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Because I Committed Zina in the Past, Will I Ever Get Married to a Good Muslim Man?

Answered by Ustadha Raidah Shah Idil

Question: I met a good Muslim guy. He asked me if I had been with anyone else, so I told him the truth. He ended our relationship. He said he won’t change his mind. Do I wait for him?

I get anxiety attacks because I feel like no good Muslim guy would want me. Will I ever marry a good Muslim man?

Answer: Assalamualaykum wa rahmatullahi wa barakatuh,

I pray this finds you well. May Allah reward you for reaching out to us.

Disclosing sin

Abu Hurayra (Allah be pleased with him) reports that the Messenger of Allah (blessings and peace be upon him) said, “All my Community will be excused except those who are blatant. And it is from blatancy for one to perform an act at night and to wake up and tell something that they did such-and-such, while Allah had concealed it for them. They slept under the cover of Allah, and they rended Allah’s covering from themselves in the morning.” [Bukhari and Muslim]

It is actually impermissible for you to reveal past sin. It is blameworthy for him to have asked you about your past. You have made your repentance, and repentance gives you a clean slate. Moving forward, please do not tell anyone about your past zina. You are permitted to deny having a past.

If you were previously married and currently divorced, then it would be obligatory upon you to tell a prospective husband the truth about your marital status. Marriage and divorce are halal, and can be spoken about. Zina is a major sin, and must remain hidden.

Moving forward

To help give you closure, please perform the Prayer of Guidance up to seven times about what to do. Observe how life unfolds to give you an idea of what is best for you. If this young man does not contact you and moves on, then that is a sign for you to move on too. If he contacts you again and is willing to give you another chance, then that is a sign for you to pursue marriage. Don’t wait for him after you have completed seven istikharas.

Dear sister, please be honest with yourself. He has already made it clear that he is devastated and will not change his mind. This is heartbreaking for you, so please do what you need to to heal. Grieve your loss, and after that, I encourage you to move forward and trust that Allah has someone even better in store for you. Nothing is difficult for Him.

Anxiety attacks

Make dua for Allah to cure your anxiety. See a culturally-sensitive counsellor to help you learn coping strategies. Also consider downloading this hypnosis track: Overcome Fear and Anxiety.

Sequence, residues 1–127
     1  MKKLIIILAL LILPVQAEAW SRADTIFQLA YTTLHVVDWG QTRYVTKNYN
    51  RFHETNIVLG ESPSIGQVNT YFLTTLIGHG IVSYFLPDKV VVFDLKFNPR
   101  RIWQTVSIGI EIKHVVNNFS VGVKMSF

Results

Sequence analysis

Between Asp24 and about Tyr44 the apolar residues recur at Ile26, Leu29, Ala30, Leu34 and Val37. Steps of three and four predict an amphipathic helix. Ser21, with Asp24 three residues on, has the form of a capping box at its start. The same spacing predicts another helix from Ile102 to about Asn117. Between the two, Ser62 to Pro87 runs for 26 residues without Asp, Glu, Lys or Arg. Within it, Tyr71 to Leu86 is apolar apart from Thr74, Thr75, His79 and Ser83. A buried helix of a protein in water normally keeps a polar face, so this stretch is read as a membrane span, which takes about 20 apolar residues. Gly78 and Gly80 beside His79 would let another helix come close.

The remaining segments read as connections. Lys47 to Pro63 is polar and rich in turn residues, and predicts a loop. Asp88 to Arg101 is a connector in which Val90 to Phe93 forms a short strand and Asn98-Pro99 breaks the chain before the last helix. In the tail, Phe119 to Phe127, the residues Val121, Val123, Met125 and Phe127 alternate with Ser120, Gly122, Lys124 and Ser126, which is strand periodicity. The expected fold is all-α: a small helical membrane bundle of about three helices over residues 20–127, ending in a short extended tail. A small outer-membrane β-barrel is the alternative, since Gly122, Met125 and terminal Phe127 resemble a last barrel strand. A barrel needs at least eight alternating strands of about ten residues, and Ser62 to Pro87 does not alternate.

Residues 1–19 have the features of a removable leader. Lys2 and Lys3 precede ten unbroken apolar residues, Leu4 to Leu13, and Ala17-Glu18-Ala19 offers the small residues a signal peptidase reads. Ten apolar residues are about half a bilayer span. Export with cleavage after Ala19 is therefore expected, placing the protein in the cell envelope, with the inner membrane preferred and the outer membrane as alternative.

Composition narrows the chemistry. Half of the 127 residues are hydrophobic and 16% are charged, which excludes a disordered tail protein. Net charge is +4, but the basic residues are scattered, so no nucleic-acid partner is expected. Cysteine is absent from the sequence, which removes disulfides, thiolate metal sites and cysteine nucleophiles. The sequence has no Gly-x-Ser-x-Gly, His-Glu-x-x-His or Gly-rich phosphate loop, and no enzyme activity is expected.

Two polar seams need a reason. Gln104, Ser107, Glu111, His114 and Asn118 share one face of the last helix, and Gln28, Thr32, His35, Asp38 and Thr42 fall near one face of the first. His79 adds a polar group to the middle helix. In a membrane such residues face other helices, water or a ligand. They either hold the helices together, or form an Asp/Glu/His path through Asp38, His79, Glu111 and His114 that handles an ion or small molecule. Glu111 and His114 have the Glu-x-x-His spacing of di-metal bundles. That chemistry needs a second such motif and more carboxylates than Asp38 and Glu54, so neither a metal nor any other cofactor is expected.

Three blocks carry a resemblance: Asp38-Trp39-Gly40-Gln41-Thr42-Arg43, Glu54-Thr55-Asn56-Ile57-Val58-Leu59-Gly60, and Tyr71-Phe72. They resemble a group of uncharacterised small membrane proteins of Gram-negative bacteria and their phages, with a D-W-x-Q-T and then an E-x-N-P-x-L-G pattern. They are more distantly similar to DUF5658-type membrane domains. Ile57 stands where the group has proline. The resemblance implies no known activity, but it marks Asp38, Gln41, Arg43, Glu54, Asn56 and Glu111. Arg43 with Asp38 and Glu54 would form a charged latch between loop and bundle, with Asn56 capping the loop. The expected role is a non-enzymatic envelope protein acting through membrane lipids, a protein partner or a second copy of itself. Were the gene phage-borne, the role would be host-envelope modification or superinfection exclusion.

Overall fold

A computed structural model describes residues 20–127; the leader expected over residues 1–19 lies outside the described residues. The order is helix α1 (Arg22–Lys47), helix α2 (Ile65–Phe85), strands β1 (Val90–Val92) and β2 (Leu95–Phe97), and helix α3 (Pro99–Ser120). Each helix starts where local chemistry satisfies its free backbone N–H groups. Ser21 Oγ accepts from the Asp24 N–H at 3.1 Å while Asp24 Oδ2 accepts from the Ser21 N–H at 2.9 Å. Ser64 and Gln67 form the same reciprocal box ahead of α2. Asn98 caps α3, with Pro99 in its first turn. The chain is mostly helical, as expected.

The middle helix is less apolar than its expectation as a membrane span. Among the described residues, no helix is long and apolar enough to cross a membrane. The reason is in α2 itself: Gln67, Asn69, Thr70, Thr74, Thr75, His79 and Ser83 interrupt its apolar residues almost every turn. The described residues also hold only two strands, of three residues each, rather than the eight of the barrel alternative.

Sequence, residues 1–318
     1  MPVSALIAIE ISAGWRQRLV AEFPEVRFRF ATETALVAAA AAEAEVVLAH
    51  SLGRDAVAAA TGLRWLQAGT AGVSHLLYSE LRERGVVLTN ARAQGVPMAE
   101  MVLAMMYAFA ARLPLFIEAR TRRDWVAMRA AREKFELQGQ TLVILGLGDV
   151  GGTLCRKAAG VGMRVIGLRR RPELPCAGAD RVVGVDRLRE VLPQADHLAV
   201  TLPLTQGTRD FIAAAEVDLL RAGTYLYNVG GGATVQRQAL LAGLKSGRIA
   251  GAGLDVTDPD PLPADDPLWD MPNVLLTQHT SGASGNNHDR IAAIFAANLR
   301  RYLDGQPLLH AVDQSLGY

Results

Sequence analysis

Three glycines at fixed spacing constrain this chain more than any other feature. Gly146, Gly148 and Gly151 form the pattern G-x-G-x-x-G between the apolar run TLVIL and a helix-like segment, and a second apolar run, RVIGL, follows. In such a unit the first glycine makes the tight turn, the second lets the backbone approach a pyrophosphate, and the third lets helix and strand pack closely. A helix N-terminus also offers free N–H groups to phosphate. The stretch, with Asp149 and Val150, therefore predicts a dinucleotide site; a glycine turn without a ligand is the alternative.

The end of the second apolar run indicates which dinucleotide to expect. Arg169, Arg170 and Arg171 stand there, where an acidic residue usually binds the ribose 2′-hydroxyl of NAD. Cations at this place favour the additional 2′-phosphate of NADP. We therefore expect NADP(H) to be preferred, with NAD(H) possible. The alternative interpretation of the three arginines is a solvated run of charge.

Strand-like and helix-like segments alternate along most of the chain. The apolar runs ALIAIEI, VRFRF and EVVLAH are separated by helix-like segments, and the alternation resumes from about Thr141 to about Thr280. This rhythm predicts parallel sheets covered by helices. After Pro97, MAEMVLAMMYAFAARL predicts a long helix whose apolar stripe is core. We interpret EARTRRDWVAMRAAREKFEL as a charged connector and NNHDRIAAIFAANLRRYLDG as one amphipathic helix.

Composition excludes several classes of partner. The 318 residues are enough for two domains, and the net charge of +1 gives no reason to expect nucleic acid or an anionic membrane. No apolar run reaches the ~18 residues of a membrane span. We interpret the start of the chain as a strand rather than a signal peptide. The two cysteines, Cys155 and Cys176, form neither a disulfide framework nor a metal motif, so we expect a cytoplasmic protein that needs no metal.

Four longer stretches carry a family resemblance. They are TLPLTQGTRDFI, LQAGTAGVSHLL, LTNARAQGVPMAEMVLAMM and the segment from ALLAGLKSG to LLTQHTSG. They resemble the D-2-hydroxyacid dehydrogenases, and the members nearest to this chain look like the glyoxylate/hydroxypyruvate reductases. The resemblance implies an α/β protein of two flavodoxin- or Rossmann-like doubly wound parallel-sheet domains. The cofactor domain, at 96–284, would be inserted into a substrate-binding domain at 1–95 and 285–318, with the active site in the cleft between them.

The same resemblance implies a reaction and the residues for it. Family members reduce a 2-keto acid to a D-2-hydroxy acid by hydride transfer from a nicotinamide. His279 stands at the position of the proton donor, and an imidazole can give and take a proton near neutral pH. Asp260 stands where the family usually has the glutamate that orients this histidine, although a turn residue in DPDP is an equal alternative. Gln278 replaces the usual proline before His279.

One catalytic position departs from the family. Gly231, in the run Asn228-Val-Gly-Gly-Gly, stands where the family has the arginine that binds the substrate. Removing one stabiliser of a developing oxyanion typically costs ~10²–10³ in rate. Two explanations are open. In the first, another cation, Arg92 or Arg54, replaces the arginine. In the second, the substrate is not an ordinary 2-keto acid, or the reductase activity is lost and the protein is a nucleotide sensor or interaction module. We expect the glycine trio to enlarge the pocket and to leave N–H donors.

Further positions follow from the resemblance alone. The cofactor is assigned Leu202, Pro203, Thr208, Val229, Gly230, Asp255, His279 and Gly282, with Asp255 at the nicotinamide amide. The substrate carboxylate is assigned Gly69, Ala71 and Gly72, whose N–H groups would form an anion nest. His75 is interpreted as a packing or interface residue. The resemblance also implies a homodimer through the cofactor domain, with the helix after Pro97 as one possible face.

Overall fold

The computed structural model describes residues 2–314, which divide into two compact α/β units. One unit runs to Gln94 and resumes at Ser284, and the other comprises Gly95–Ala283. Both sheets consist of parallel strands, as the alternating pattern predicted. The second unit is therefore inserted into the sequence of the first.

Marriage

If Allah wills, then it is absolutely possible for you to marry a loving and righteous Muslim man. Have a good opinion of your Merciful Creator. Please do your part by making regular istighfar, guarding your prayers, giving in charity, performing the Prayer of Need and asking for a loving and righteous spouse. I encourage you to save up money to perform umrah and Hajj. Ask Allah for everything that you wish.

When registration reopens, I encourage you to do this course Islamic Marriage: Guidance for Successful Marriage and Married Life. This course will give you a clear idea of how to pursue marriage, and the spirit and law behind a successful Islamic marriage.

Trust in Allah

Place all your hopes in Allah and trust that He will never let you down. His Decree overcomes all of our weaknesses.

I pray that Allah grants you the blessings of a loving, righteous husband and children who will be the coolness of your eyes.

Please see:
Can We Deny Having Committed Sins After We’ve Repented From Them?
Some Prophetic Supplications for Difficulty and Distress
A Reader on Tawba (Repentance)

Wassalam,
Raidah

Checked & Approved by Shaykh Faraz Rabbani

Victim of Sexual Abuse: Should I Confess it to my Husband?

Answered by Ustadh Tabraze Azam
Question: Assalam ‘aleykum,
I have been sexually abused during my youth, somewhat tolerating this situation. I regret it a lot. My husband keeps asking me about my past, wanting to know if I had previous relationships with other men. Should I confess my sins to him to avoid displeasing him in this life or in the hereafter when he will know about it?
Answer: Wa alaikum assalam wa rahmatullahi wa barakatuh,
I pray that you are in the best of health and faith, insha’Allah.
No, you should not disclose anything to your future husband.